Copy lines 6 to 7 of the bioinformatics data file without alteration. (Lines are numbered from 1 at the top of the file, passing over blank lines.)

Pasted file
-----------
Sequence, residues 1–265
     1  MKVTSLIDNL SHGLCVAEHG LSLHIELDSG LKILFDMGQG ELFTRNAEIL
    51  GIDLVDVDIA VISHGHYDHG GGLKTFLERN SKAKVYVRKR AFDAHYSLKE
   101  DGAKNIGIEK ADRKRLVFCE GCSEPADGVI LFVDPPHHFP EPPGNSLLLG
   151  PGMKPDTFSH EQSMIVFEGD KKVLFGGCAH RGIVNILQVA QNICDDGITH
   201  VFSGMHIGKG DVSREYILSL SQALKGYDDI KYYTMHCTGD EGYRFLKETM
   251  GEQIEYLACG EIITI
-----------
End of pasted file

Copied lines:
   201  VFSGMHIGKG DVSREYILSL SQALKGYDDI KYYTMHCTGD EGYRFLKETM
   251  GEQIEYLACG EIITI